Seeing The Hangover, I couldn’t help myself but to remember an old comedy way back to my early college days, “Dude, Where’s My Car?.” But, the similarity ends at the prologue because this film is at least twice as fun, twice as crazy, and instead of two mentally challenged dudes, this film has only one and to call him a mentally challenged dude is clearly an understatement.
The film teases us with a preparation of wedding scene, the anxious bride and the missing groom and his fellow best men. Then a call came in for the bride, it was from Phil, who is not the groom. We saw them on a desert, Phil, with a split lip, and a clearly rough night, struggling with words as he talked to the cell phone. On the background, we saw three figures and a battered car. He admits to the bride that they had lost Doug (the groom) and they have no idea where he was. The film then cut back to two days earlier when Phil, Doug, Alan, and Stu are headed to Vegas for a bachelor’s party. We don’t get to see what happened during the night as we’re acquainted with the boys in the morning when they’re waking up and have no idea nor clue about what had happened last night.
Now we’ve got the semi-end and the beginning. All that was left to us is how to connect the very very loose and tangled ropes that make up the story and to find the missing groom. Fortunately, we have the characters on screen to help us go through it as this film spent most its time following the trio trying to look for Doug and to remember what had happened to them last night, meeting total strangers (who of course, remembers them), recounted unlikely events from small evidences such as parking ticket, a hospital tag, and a baby. The comedy was born from there.
I wouldn’t hesitate to name this film as one of the best comedy I’ve ever seen and easily the best comedy this year. But I had thought, that with its admission to a general poll-based imdb’s top 250 film of all time (which shouldn’t be taken seriously, I know, my mistake), this film would offer something entirely different, something that rewritten the base of comedy and changed the landscape of comedy film-making for ever but it’s not. Apparently, we’re still in Judd Apatow’s reign of comedy after all, but, allow me to remind you, it’s not a bad thing. No, not a bad thing at all. Far from it. Well, at least, yet. “The Hangover” is just a cleverly constructed film that kept its interesting bar on high at all times, with likable characters albeit nary of them are recognizable right away (save for Bradley Cooper) that never falls into a stereotyped comedy roles save perhaps, for Alan. On that note, yes, the film works. In fact, it works so well, I would stop writing and tell you to go see it (it’s rated-R by the way) when you had a chance. I had a couple of heartily out loud laughs, and never cringed.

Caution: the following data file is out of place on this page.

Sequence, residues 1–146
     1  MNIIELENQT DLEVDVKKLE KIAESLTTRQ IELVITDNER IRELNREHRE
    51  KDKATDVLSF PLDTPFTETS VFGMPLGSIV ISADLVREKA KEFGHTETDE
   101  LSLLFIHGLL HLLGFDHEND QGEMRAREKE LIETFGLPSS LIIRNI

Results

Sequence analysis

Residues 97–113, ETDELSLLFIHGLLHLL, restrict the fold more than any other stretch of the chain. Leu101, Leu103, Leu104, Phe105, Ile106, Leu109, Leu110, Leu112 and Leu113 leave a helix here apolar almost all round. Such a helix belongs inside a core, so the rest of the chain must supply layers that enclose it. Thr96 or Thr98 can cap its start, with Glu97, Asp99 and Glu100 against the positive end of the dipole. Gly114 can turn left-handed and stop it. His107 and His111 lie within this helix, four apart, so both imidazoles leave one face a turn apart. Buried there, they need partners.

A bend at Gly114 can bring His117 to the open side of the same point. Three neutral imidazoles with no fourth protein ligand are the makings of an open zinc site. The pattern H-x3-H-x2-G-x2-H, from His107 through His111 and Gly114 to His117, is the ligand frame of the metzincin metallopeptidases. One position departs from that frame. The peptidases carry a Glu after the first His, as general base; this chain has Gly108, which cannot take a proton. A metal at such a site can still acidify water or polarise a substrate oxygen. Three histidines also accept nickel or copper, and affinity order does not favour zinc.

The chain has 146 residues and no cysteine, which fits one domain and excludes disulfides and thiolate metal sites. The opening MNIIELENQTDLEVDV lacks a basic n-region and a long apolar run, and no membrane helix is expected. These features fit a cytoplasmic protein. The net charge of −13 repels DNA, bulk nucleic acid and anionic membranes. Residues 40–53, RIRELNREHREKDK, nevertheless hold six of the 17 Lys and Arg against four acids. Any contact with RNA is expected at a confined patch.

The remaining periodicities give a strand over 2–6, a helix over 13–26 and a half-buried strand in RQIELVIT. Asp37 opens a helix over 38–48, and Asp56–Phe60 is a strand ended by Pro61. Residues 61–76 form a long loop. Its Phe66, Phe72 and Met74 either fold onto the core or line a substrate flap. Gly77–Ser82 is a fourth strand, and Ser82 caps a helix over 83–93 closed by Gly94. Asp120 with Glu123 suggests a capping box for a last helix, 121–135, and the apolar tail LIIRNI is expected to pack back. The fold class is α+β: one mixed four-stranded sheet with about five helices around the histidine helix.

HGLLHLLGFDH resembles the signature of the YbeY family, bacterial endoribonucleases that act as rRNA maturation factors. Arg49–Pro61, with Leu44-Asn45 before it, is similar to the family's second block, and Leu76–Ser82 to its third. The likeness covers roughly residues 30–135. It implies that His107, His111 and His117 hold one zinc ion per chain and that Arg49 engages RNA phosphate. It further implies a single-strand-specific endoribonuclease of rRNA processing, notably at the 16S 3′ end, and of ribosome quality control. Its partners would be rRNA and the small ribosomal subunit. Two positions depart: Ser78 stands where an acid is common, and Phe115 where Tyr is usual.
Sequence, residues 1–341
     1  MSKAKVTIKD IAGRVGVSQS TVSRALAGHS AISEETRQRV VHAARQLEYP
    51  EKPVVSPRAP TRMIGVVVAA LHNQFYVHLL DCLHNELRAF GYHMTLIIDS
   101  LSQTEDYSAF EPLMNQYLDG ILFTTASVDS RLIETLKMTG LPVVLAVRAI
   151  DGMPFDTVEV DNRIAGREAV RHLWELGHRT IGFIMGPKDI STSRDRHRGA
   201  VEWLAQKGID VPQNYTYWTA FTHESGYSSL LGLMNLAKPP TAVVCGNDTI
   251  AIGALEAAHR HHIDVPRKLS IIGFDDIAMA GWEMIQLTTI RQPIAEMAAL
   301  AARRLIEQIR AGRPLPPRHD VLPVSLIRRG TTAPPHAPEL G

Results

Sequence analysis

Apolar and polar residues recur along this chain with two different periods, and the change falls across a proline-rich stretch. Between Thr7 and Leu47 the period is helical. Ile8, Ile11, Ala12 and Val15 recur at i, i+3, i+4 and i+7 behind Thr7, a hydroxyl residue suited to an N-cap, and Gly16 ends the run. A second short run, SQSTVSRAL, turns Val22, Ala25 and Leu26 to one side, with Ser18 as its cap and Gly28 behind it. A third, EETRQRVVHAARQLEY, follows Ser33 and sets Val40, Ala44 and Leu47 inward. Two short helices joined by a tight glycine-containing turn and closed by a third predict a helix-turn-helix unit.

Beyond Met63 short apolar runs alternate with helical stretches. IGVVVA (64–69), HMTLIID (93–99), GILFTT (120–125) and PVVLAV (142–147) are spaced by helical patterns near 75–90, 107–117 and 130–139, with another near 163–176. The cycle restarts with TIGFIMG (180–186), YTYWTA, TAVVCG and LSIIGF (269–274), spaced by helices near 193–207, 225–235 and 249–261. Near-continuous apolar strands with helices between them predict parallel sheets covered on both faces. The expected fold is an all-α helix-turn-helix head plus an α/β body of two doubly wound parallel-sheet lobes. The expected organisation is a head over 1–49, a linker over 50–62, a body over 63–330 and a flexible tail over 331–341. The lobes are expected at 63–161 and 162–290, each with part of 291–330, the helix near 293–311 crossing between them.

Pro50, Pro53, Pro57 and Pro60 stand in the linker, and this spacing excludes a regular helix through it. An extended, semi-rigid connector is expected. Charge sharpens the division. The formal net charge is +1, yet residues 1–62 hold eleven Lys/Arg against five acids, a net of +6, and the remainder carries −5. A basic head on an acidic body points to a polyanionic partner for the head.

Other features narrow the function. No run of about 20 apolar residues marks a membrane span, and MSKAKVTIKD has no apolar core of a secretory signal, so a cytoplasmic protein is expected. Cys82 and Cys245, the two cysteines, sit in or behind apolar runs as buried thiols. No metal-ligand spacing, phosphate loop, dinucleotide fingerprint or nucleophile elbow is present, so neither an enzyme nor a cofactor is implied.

My rating: *** / **** A great comedy that kept throwing unlikely events and unlikely characters when you least expecting it. The characters are likable, and never too pathetic to be seen even when they’re relegated to obligatory gags and oh, there’s Heather Graham in here as well. As a boy whose adolescent with a fond memory of Heather Graham in “Boogie Nights” in mind, I, personally, was all smiles whenever she was on screen.